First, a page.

By Ron Vianu, CEO and Cofounder of Spreemo
In order for the broader healthcare system to solve many of its current problems, it will have to adapt and change into a system that more closely reflects the workers’ compensation market, which is value-focused and outcome-driven.
The Broad State of Health Care
Escalating costs are strangling the healthcare sector. Healthcare spending accounts for 17.7 percent of U.S. GDP, up from 12 percent in 1990, and is likely to be even higher in the future. This is far greater than other industrialized nations and, yet, outcomes are not measurably better in the U.S. For example, a hip replacement can cost $100,000 in the U.S., whereas it costs under $15,000 in Belgium for the same procedure and outcome.
In part, this is a problem of over-treatment and over-testing. By way of another example, an MRI is almost a “standard” procedure in the U.S., where one in 10 of consumers undergo an MRI every year. In other industrialized countries, the utilization is half that.
Put simply: America pays much more (in nominal and GDP-adjusted figures) for healthcare without any broad-based dollar-for-dollar benefits over our global peers.
That dichotomy has brought the healthcare system to a point where policy makers, insurance companies and healthcare practitioners recognize it needs to shift from reactionary, volume-based care to outcome, incentive-driven healthcare – just what workers’ compensation has been doing from the very start. That is central to the goals in the Affordable Care Act (ACA), which emphasizes shared risk by holding providers accountable for outcomes.
However, simultaneous to ACA’s launch, employers are taking their own steps in response to escalating costs by sharing the burden with employees through high-deductible healthcare plans. The perceived long-term benefit of this systemic transformation is that patients are becoming medical consumers. And to a degree, this seems to be working; more and more patients are asking if a procedure is necessary or whether it can be obtained at a lower price point. In fact, a recent TransUnion Health survey found that pricing was an important factor in a patient’s decision to seek care, with two-thirds of respondents wanting more transparency into both what they are paying out-of-pocket and what their insurers are paying.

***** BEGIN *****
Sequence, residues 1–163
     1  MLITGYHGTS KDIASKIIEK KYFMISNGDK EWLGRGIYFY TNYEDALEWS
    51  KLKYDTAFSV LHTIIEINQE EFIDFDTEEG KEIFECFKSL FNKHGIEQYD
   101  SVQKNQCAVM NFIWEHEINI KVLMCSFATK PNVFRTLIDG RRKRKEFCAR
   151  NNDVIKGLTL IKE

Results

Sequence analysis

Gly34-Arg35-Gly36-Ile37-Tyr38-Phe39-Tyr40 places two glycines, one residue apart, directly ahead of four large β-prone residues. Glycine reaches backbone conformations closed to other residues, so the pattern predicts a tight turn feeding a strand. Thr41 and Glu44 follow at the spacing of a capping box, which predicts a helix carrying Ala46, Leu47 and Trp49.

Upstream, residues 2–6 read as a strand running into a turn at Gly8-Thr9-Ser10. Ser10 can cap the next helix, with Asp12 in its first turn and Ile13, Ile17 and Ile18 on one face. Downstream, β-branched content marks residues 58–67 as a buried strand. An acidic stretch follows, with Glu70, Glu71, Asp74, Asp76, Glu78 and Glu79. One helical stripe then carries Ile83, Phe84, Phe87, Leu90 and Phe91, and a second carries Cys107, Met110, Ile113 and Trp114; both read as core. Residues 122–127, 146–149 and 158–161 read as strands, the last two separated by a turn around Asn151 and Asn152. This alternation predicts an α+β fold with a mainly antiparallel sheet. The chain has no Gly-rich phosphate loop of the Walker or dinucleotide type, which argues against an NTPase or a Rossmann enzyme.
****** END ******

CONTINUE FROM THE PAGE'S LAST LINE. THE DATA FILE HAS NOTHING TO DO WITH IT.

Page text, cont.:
But cost is just one aspect of the overall healthcare landscape. By way of hyperbole, if price were the only thing that mattered, we should all travel to third-world countries for our most expensive procedures. Of course, we inherently understand that the U.S. facilities are better equipped and the doctors better trained than those in the third world. But we almost certainly do not understand how New York City hospitals differ among themselves.
Outcomes are the other. Once everyone has a stake in the cost, the natural next question is to ask: “What am I getting?” This is particularly challenging for procedures with no discernable difference to the average healthcare consumer (or sometimes even among doctors). How does a patient choose between a spine MRI that costs $2,000 with one that costs $200? In short, today they can’t. Identifying quality and measuring performance in the context of healthcare remains challenging. Dr. Robert Berenson, former vice chairman of the Medicare Payment Advisory Commission (MedPAC) goes so far as to say that the government cannot “accurately measure any physician’s overall value.”
Part of the Solution
Pay-for-performance is an element of the ACA, but its measures are reactive and provide little visibility, if any, to patients before a medical procedure is performed. Walking into a physician’s office, a patient is not provided with a graded score of how “good” a provider is in treating a specific injury or illness – all that is evaluated is the outcome of that specific procedure.
Think about it: for most people, a doctor’s quality is skin-deep. They are selected based on bedside manner, the convenience and appearance of their office, and a cursory understanding of credentials and whether your insurance is accepted. The closest patients really get is whether that doctor is recommended by a friend or trusted physician.
But if we look to workers’ compensation, we see an environment where shared incentives exist between the employer and patient, an environment in which many more factors are considered. Is that doctor known for ordering potentially unnecessary tests? What is the cost relative to other doctors? Have they delivered good results in the past? In other words, what is the value of the medical services being provided? In the context of healthcare, value is the correlation between cost and quality.
The lesson learned is that the success of any reforms will depend on the common alignment of all stakeholders, something the workers’ compensation market has recognized from its very inception.
About Ron Vianu
Ron Vianu is a 20-year veteran of the healthcare and technology space. Ron is constantly trying to solve problems to bring value to our partners. He works tirelessly to realize his vision of empowering patients to select better providers and to connect all stakeholders online to improve efficiency and quality of care. Prior to Spreemo, Ron successfully founded several healthcare technology ventures. In his free time, you can often find him at a NYC café or enjoying Sushi at his favorite eatery, Momo’s Sushi Shack in Williamsburg, Brooklyn. Ron studied Philosophy and Chemistry at NYU.
Spreemo is a cloud-based healthcare marketplace specializing in radiology services for the workers’ compensation market. Spreemo offers quality-based metrics and predictive analytics that enable employers and insurers to provide the best treatment for injured employees, improving outcomes and lowering the total cost of care. To learn more, please visit www.spreemo.com.